Recently, in Golden Globe Pizza Inc. v. Domino’s Pizza of Canada Ltd., 2015 BCSC 356, the B.C. Supreme Court granted an injunction sought by a franchisee to prevent the franchisor from terminating the franchise agreement based on unproven allegations of exploitation made by employees of the franchisee.
The case stemmed from a confrontation between the principals of Golden Globe Pizza Inc., a Domino’s pizza franchisee, and their two former employees who were demanding payment of wages that they claimed were owing to them. The Canadian Broadcasting Corporation also reported that the two employees alleged that the principals of the franchisee made death threats and assaulted them after the employees had refused to work until they received their back pay.
The two employees complained to the Employment Standards Branch and it was reported in the media that the police launched an investigation into the matter. The principals of the franchisee denied the allegations.
The franchisor, Domino’s Pizza of Canada Ltd., delivered a notice terminating the franchise agreement with the franchisee after conducting its own investigation. As grounds for termination, the franchisor relied on a provision of the franchise agreement, which states that the franchisor has a right to immediately terminate the agreement where: (a) the franchisee or its owners “engage in any conduct which adversely affects the reputations of the Store or the goodwill associated with the Marks as conclusively determined by [the franchisor]”, or (b) the franchisee or its owners “are involved in any act or conduct which impairs [the franchisor’s] reputation and the goodwill associated with the marks and the system as conclusively determined by [the franchisor]”.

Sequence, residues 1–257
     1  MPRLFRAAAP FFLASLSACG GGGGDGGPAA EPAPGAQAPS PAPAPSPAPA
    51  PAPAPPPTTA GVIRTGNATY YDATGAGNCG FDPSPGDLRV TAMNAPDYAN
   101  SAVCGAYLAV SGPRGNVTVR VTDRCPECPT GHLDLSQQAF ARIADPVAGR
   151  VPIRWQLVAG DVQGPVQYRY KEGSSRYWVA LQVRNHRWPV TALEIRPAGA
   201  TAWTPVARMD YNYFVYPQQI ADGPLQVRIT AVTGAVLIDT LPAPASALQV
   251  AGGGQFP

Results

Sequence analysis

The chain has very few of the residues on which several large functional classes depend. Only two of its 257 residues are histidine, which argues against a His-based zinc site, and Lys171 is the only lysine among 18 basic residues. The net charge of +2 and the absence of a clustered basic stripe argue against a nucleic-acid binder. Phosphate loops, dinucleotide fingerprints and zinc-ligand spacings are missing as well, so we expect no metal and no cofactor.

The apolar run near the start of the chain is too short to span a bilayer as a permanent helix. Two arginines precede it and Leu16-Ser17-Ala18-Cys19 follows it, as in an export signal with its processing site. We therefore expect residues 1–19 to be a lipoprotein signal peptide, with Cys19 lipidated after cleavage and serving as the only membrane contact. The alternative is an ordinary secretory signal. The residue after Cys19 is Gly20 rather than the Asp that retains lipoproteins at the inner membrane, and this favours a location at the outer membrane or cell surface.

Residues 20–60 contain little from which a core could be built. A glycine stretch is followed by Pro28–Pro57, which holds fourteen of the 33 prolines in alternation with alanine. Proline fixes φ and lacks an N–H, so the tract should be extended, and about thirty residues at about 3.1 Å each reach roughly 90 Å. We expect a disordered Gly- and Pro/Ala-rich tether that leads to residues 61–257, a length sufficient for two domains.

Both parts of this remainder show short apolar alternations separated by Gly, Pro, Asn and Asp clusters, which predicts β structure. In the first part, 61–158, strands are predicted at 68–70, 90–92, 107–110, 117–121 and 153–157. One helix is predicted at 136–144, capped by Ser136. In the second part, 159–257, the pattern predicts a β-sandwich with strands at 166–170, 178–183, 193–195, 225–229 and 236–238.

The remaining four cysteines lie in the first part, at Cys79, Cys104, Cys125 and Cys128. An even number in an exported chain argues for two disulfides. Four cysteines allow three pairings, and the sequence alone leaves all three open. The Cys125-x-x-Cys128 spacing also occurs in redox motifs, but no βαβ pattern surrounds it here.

The franchisee applied for an injunction to the B.C. Supreme Court in order to prevent the franchisor from terminating the agreement. The franchisor, in turn, sought an injunction requiring the franchisee to immediately cease operations.
In determining whether to grant an injunction, the Court considered the contractual provision allowing the franchisor to terminate the franchise agreement where the franchisee’s conduct adversely impacts the franchisor’s reputation or goodwill as conclusively determined by the franchisor. The Court held that, while this provision would allow the franchisor to determine whether, and the extent to which, the conduct of the franchisee adversely affects the franchisor, it cannot be interpreted to give the franchisor the unfettered right to determine what the franchisee has or has not done. The judge noted at paragraph 11: “Such an interpretation would give [the franchisor] the right to terminate the agreement on the basis of any evidence it chose to accept, even where the evidence was clearly unreliable or would be seen by an objective observer to be patently false.”
The judge went on to say that, were the allegations from the former employees true, the franchisor would have had the right to terminate the franchise agreement. However, since the franchisee and its principals denied the allegations and there were conflicting affidavit evidence as to the veracity of the allegations, the judge held, at paragraph 12, that there was a serious question still to be tried – whether the franchisee in fact engaged in the alleged conduct. The judge granted the injunction being sought by the franchisee and required the franchisor to pay the franchisee’s court costs.
On August 27, 2015, the civil case between the franchisee and the franchisor was settled by court order, which was agreed to by both the franchisee and franchisor. The Court mandated the franchisee to pay $30,000.00 to the franchisor and to retain an arm’s-length company to administer the payroll services on behalf of the franchisee. The franchisee retained its franchise.